The NCAA released a set of guidelines member schools should follow as athletic teams prepare for fall sports — but in releasing the guidelines, President Mark Emmert seemed less than optimistic about the return of college athletics in the coming weeks.
"Today, sadly, the data point in the wrong direction," Emmert said. "If there is to be college sports in the fall, we need to get a much better handle on the pandemic."
The NCAA's new guidelines suggest that all athletes should wear face coverings or masks "during training, competition and outside of athletics."
The guidelines also say athletes conduct "self-health" checks every day and add that if an athlete is experiencing shortness of breath, cough, high temperature or 10 other symptoms, that they contact health care experts before entering a team facility.
Finally, the NCAA listed a series of testing strategies for low-contact, medium-contact and high-contact sports. For high-contact sports, like football, the NCAA recommends that all athletes and "inner bubble personnel" — like coaches and other staff members — be tested weekly.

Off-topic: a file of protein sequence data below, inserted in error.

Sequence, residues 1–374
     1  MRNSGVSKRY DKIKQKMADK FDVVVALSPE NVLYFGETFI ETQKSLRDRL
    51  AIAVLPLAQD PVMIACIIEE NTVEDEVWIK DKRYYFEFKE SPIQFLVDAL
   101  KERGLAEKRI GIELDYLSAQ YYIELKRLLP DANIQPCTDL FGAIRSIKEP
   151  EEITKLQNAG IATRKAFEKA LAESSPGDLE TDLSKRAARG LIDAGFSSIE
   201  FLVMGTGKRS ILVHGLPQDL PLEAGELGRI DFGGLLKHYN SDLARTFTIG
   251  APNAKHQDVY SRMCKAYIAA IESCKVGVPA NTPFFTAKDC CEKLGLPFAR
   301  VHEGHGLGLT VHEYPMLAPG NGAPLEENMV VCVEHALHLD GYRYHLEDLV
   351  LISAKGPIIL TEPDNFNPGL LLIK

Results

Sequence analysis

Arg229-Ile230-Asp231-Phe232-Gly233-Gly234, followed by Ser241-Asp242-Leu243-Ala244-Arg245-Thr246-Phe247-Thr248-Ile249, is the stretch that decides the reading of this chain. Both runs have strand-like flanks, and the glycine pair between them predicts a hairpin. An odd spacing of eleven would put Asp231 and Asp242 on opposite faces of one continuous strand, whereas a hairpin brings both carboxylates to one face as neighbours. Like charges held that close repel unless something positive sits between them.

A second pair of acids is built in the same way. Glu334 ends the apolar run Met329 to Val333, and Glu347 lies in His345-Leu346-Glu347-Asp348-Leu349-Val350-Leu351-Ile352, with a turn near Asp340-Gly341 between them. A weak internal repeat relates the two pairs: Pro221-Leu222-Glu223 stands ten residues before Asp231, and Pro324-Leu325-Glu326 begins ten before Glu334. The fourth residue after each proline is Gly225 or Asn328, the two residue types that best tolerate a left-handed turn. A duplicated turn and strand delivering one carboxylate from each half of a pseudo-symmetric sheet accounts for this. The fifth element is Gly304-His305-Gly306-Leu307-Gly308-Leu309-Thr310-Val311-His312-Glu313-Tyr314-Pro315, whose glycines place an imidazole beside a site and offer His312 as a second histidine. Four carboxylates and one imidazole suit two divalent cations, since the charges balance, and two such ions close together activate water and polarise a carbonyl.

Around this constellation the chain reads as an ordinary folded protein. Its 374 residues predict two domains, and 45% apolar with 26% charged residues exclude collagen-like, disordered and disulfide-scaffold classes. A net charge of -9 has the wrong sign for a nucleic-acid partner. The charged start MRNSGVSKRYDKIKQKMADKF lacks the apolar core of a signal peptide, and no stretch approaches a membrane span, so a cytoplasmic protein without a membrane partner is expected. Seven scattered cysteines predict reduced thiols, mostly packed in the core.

The guidelines suggest that schools should be able to process COVID-19 tests within 72 hours. If that's not possible, the league suggests canceling or postponing events.
College football rosters can often exceed more than 100 students. At the moment, many states have a days-long lag time when it comes to receiving COVID-19 test results.
Several member conferences, including the Big Ten and the Pac-12 have already announced that their schools will limit play to within thier conferences for the 2020 season. Other conferences, like the Ivy League, have already announced that fall sports have been canceled.
The first college football games are scheduled to kick off on Aug. 29.
College sports have been on hold since March when college basketball tournaments were abruptly canceled in the hopes of limiting the spread of the virus. Shortly after, the NCAA also canceled all spring sports.